Advertisement

Virus Genes

pp 1–7 | Cite as

Profile of siRNAs derived from green fluorescent protein (GFP)-tagged Papaya leaf distortion mosaic virus in infected papaya plants

  • Guangyuan Zhao
  • Decai Tuo
  • Pu Yan
  • Xiaoying Li
  • Peng Zhou
  • Wentao Shen
Article

Abstract

We used green fluorescent protein (GFP)-tagged Papaya leaf distortion mosaic virus (PLDMV-GFP) to track PLDMV infection by fluorescence. The virus-derived small interfering RNAs (vsiRNAs) of PLDMV-GFP were characterized from papaya plants by next-generation sequencing. The foreign GFP gene inserted into the PLDMV genome was also processed as a viral gene into siRNAs by components involved in RNA silencing. The siRNAs derived from PLDMV-GFP accumulated preferentially as 21- and 22-nucleotide (nt) lengths, and most of the 5′-terminal ends were biased towards uridine (U) and adenosine (A). The single-nucleotide resolution map revealed that vsiRNAs were heterogeneously distributed throughout the PLDMV-GFP genome, and vsiRNAs derived from the sense strand were more abundant than those from the antisense strand. The hotspots were mainly distributed in the P1 and GFP coding region of the antisense strand. In addition, 979 papaya genes targeted by the most abundant 1000 PLDMV-GFP vsiRNAs were predicted and annotated using GO and KEGG classification. Results suggest that vsiRNAs play key roles in PLDMV–papaya interactions. These data on the characterization of PLDMV-GFP vsiRNAs will help to provide insight into the function of vsiRNAs and their host target regulation patterns.

Keywords

PLDMV vsiRNA Next-generation sequencing Target gene Carica papaya 

Notes

Acknowledgements

This work was supported by Innovative Research Team of the Natural Science Foundation of Hainan Province, China (Grant No. 2018CXTD343) and the National Nonprofit Institute Research Grant (1630052016005).

Author contributions

Conceived and designed the experiments: GZ, WS, and PZ; performed the experiments: GZ, WS, PY, and DT; analyzed the data: GZ, WS, and PY; contributed reagents/materials/analysis tools: PY, GZ, and XL; wrote the paper: WS, GZ, and PZ.

Compliance with ethical standards

Conflict of interest

The authors declare that they have no conflicts of interest.

Research involving human participants and/or animals

This research had no human or animal subjects.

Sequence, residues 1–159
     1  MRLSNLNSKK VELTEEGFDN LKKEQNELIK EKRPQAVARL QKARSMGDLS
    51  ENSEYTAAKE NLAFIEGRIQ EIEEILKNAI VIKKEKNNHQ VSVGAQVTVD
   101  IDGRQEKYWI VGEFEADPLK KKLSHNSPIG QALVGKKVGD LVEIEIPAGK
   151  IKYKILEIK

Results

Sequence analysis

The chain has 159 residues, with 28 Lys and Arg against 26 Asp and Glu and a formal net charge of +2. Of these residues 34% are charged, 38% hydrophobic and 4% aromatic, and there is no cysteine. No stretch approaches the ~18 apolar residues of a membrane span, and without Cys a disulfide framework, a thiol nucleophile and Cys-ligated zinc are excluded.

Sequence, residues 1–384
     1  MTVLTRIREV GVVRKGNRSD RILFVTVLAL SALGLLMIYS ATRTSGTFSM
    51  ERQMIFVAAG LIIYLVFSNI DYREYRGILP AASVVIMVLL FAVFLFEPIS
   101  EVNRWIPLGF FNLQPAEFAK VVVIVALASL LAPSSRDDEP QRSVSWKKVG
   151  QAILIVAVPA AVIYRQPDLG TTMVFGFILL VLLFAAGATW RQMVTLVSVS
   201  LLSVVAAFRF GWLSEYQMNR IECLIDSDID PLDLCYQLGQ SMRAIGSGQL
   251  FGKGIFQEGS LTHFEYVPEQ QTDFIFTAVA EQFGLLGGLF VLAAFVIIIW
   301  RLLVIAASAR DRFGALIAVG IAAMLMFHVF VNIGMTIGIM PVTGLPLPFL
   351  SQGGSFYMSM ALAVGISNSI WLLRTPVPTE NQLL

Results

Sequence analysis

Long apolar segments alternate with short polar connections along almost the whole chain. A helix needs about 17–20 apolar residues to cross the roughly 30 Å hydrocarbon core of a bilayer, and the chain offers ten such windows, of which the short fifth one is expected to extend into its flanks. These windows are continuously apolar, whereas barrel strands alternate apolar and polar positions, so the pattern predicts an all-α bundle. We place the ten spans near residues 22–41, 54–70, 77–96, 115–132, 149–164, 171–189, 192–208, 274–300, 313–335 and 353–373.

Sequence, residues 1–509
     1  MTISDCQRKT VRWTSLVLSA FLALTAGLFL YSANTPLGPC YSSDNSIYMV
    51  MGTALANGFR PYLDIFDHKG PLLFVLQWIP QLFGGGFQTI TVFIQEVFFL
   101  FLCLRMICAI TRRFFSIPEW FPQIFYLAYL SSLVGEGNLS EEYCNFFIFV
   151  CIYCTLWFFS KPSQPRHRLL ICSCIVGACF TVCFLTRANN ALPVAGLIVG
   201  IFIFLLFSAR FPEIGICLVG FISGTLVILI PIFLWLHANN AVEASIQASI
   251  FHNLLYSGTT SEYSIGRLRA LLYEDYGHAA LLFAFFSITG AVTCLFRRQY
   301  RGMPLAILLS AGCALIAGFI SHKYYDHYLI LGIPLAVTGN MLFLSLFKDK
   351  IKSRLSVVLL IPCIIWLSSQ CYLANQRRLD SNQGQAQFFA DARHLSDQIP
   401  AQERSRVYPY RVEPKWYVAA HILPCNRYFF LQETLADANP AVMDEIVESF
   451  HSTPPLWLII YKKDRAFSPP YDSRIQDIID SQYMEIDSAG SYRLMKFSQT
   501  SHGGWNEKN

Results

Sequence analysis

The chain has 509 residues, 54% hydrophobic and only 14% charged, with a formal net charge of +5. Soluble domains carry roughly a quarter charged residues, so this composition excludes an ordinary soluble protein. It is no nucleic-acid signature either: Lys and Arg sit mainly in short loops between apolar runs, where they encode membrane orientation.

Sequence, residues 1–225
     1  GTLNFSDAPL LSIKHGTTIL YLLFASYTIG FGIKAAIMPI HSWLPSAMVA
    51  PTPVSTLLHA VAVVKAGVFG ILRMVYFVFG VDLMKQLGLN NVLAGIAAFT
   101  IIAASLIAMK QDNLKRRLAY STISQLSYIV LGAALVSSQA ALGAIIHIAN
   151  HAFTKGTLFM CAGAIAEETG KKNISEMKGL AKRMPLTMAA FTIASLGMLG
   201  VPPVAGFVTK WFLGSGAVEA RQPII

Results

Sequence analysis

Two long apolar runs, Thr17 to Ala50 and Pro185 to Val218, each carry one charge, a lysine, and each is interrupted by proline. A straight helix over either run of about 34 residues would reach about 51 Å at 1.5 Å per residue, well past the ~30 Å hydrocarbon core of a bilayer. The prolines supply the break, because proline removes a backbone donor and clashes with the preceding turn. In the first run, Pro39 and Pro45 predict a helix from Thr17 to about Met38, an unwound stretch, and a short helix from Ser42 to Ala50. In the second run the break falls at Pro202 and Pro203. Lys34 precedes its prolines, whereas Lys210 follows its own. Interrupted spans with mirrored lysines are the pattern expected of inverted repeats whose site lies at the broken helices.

Supplementary material

11262_2018_1601_MOESM1_ESM.xlsx (3.1 mb)
Supplementary material 1 (XLSX 3150 KB)
11262_2018_1601_MOESM2_ESM.xls (725 kb)
Supplementary material 2 (XLS 725 KB)
11262_2018_1601_MOESM3_ESM.xls (822 kb)
Supplementary material 3 (XLS 822 KB)

References

  1. 1.
    Zhu H, Guo H (2012) The role of virus-derived small interfering RNAs in RNA silencing in plants. Sci China Life Sci 55:119–125CrossRefPubMedCentralGoogle Scholar
  2. 2.
    Llave C (2010) Virus-derived small interfering RNAs at the core of plant-virus interactions. Trends Plant Sci 15:701–707CrossRefPubMedCentralGoogle Scholar
  3. 3.
    Zhang C, Wu Z, Li Y, Wu J (2015) Biogenesis, function, and applications of virus-derived small RNAs in plants. Front Microbiol 6:1237PubMedPubMedCentralGoogle Scholar
  4. 4.
    Fukudome A, Fukuhara T (2017) Plant dicer-like proteins: double-stranded RNA-cleaving enzymes for small RNA biogenesis. J Plant Res 130:33–44CrossRefPubMedCentralGoogle Scholar
  5. 5.
    Qin C, Li B, Fan Y, Zhang X, Yu Z, Ryabov E, Zhao M, Wang H, Shi N, Zhang P, Jackson S, Tör M, Cheng Q, Liu Y, Gallusci P, Hong Y (2017) Roles of Dicer-Like Proteins 2 and 4 in intra- and intercellular antiviral silencing. Plant Physiol 174:1067–1081CrossRefPubMedCentralGoogle Scholar
  6. 6.
    Wang XB, Jovel J, Udomporn P, Wang Y, Wu Q, Li WX, Gasciolli V, Vaucheret H, Ding SW (2011) The 21-nucleotide, but not 22-nucleotide, viral secondary small interfering RNAs direct potent antiviral defence by two cooperative argonautes in Arabidopsis thaliana. Plant Cell 23:1625–1638CrossRefPubMedCentralGoogle Scholar